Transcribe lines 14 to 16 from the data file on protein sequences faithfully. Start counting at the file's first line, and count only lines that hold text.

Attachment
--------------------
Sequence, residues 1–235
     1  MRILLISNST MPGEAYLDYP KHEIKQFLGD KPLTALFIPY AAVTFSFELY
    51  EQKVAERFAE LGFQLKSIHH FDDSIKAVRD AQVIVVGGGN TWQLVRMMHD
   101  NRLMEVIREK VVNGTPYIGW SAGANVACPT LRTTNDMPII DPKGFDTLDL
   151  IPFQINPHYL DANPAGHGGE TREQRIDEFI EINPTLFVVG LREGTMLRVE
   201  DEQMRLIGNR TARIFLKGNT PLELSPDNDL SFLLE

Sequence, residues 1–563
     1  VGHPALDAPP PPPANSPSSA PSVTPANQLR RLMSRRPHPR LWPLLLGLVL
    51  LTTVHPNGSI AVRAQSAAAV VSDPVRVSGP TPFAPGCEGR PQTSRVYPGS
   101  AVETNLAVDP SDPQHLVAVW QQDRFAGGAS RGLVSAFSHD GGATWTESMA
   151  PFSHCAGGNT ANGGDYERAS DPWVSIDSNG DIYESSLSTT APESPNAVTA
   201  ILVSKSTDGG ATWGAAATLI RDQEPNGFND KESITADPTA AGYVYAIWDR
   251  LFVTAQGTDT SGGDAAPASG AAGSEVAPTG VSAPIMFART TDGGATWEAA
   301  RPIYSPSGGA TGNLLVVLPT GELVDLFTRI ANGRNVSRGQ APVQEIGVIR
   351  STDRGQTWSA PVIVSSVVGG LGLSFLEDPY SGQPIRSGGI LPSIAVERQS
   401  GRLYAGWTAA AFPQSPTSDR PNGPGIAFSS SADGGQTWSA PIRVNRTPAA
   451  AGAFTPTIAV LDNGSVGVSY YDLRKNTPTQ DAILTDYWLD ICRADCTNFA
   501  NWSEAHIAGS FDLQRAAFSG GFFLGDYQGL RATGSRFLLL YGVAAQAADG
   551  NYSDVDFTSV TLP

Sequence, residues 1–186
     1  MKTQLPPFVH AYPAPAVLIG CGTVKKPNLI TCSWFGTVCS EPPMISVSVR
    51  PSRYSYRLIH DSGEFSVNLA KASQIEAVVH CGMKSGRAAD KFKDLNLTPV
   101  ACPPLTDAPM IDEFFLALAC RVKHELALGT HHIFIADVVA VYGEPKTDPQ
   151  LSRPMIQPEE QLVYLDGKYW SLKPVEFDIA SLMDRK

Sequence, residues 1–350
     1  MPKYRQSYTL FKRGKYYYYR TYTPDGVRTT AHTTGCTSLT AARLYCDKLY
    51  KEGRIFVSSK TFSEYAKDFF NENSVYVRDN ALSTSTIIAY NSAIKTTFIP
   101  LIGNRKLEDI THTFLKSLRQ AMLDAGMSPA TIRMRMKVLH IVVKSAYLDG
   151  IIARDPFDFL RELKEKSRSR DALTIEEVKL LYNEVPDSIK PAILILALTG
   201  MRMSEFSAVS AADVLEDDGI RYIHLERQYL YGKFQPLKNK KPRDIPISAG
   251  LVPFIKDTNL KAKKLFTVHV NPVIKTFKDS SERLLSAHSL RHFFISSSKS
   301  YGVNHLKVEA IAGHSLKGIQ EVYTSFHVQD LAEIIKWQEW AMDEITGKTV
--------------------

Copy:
   301  RPIYSPSGGA TGNLLVVLPT GELVDLFTRI ANGRNVSRGQ APVQEIGVIR
   351  STDRGQTWSA PVIVSSVVGG LGLSFLEDPY SGQPIRSGGI LPSIAVERQS
   401  GRLYAGWTAA AFPQSPTSDR PNGPGIAFSS SADGGQTWSA PIRVNRTPAA